Torcetrapib by Ray Sahelian, M.D.
April 12 2016


Drug companies are attempting to come up with a drug that raises HDL cholesterol levels. Will torcetrapid be the first? If torcetrapid is approved for this purpose, will it have more benefits than side effects? Much remains to be still learned about this medication. Let's keep in mind that sometimes a side effect of a medicine can be worse than the disease. Statins are known to cause myopathy. Will torcetrapid have a serious side effect that will be found out after approval?


2006 - Pfizer cut off torcetrapib's trial because of "an imbalance of mortality and cardiovascular events" associated with its use.


2006 - Pfizer says that it will apply for approval to sell a promising new heart treatment as a standalone pill — rather than only in combination with Lipitor, Pfizer’s best-selling cholesterol treatment. The new drug, torcetrapib, is still being tested in clinical trials and is at least 18 months from federal approval. But some cardiologists say it has the potential to become a new treatment for heart disease. Clinical trials show that torcetrapib raises the levels of so-called good cholesterol, a novel approach to preventing heart attacks and strokes. Previously, Pfizer had said it would sell torcetrapib only in combination with Lipitor, one of several medicines called statins that lower levels of LDL, or bad cholesterol. Cholesterol-reducing medicines are the largest prescription drug category, with worldwide sales of $32 billion last year. By offering torcetrapib only in a combination pill, Pfizer would have forced patients taking other statins — like Zocor, from Merck — to switch to Lipitor if they wanted torcetrapib’s benefits. In an interview last year, Dr. John L. LaMattina, Pfizer’s top scientist, defended the company’s plans, saying that the costs of testing torcetrapib alongside every statin would be prohibitive. Already, Pfizer says it is spending $800 million to develop torcetrapib. Pfizer is the world’s largest drug maker, with sales of $51 billion and a profit of $8 billion last year.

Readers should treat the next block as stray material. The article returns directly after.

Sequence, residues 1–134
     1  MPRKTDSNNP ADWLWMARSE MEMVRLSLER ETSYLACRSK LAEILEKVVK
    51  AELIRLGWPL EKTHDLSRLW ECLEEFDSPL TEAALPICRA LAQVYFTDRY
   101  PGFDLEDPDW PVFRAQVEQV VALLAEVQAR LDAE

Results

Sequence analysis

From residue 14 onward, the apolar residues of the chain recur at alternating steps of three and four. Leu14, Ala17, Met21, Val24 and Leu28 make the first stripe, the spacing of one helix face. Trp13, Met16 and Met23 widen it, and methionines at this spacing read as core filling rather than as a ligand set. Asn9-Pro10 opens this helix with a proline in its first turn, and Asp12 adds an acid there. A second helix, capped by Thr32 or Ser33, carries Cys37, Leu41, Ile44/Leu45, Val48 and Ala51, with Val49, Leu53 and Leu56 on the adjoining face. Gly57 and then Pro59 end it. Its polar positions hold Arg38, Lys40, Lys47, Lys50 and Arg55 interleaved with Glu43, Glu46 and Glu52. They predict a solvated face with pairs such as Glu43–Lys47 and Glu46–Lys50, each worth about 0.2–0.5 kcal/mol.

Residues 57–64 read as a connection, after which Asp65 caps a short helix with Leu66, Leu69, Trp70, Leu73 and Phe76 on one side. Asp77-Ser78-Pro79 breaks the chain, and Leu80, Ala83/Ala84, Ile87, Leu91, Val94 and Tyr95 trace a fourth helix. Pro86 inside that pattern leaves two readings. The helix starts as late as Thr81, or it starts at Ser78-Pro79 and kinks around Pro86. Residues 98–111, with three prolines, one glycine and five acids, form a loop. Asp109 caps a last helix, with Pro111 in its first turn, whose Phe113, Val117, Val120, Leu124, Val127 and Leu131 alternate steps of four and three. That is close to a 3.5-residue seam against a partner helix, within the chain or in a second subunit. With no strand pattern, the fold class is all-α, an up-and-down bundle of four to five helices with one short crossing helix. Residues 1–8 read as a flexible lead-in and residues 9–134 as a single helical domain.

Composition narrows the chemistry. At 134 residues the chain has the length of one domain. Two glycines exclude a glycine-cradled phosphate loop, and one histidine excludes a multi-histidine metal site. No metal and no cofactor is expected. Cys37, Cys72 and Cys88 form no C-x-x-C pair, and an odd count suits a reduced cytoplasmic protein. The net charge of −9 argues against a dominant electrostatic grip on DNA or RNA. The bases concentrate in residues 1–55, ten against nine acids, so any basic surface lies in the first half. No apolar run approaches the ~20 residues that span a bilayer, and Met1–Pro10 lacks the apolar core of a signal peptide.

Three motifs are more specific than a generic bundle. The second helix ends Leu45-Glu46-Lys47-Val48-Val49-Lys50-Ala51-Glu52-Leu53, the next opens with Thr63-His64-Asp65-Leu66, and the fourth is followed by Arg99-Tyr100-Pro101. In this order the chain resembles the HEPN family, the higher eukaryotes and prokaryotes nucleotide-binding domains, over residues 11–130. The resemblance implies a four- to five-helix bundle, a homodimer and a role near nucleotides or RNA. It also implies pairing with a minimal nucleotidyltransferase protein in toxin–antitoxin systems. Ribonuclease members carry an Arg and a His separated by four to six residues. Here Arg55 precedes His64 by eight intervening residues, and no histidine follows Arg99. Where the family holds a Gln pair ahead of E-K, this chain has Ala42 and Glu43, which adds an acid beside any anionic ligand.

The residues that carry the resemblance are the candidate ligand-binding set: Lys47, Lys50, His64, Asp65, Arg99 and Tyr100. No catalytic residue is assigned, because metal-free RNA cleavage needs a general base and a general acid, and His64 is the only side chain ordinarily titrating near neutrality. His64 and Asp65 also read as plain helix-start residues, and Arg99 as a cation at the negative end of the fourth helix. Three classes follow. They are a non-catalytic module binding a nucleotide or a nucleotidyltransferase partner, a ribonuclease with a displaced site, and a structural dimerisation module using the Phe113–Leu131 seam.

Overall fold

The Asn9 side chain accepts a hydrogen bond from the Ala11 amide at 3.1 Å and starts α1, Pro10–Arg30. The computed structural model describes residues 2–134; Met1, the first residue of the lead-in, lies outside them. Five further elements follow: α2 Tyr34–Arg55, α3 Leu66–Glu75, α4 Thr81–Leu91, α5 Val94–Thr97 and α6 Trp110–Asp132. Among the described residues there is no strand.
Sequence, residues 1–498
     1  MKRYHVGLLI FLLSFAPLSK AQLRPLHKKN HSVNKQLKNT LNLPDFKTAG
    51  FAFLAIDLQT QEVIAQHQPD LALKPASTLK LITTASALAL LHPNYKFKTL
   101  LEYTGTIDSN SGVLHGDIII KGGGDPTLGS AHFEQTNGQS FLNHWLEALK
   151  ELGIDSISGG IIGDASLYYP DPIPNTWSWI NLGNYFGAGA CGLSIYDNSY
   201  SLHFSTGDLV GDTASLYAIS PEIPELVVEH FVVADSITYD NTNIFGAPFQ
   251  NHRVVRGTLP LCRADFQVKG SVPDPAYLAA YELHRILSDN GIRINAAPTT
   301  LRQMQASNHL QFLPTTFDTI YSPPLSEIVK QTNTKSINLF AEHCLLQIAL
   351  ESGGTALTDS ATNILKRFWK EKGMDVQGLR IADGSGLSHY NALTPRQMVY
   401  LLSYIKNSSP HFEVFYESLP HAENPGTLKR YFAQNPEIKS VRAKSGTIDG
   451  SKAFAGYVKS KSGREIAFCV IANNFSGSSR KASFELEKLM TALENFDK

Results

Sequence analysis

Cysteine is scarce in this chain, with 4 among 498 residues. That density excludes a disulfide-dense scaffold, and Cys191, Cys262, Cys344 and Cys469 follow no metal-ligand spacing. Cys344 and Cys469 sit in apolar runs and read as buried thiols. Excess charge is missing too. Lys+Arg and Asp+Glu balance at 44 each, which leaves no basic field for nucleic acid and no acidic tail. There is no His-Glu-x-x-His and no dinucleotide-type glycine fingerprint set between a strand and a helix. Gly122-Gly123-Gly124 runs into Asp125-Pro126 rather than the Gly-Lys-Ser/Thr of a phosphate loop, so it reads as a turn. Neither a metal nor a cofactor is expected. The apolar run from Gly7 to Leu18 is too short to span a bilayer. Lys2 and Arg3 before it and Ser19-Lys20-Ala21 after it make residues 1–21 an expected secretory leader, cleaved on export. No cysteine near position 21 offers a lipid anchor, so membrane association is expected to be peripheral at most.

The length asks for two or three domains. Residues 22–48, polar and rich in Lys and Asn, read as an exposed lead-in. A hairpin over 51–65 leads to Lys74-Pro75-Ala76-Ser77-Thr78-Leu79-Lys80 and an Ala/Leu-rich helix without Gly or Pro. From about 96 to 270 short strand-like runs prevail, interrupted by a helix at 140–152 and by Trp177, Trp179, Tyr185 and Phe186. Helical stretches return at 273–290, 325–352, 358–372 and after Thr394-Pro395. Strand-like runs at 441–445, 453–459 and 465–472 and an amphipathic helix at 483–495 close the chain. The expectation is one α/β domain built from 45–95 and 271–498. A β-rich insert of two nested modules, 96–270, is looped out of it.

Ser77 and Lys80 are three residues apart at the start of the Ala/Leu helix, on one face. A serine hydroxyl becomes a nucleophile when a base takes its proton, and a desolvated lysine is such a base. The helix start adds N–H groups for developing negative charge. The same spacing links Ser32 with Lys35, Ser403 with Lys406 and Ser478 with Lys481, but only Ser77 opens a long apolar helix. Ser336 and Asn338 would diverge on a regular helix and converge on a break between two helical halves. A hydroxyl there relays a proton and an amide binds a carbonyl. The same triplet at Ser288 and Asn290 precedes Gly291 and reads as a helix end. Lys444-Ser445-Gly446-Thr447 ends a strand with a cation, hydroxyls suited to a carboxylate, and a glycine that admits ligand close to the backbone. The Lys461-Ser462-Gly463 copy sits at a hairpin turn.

Torcetrapid Research
Effects of an Inhibitor of Cholesteryl Ester Transfer Protein on HDL Cholesterol
NEJM, 2004. Margaret E. Brousseau, Ph.D., Ernst J. Schaefer, M.D.. Wolfe, B.S., LeAnne T. Bloedon, M.S., R.D., Andres G. Digenio, M.D., Ph.D., Ronald W. Clark, M.S., James P. Mancuso, Ph.D., and Daniel J. Rader, M.D. From the Lipid Research Laboratory, Division of Endocrinology, Metabolism, Diabetes, and Molecular Medicine, New England Medical Center and Tufts University School of Medicine, Boston; the Department of Medicine and Center for Experimental Therapeutics, University of Pennsylvania School of Medicine, Philadelphia; and the Departments of Cardiovascular and Metabolic Diseases and Clinical Biostatistics (J.P.M.), Pfizer, Groton, Conn.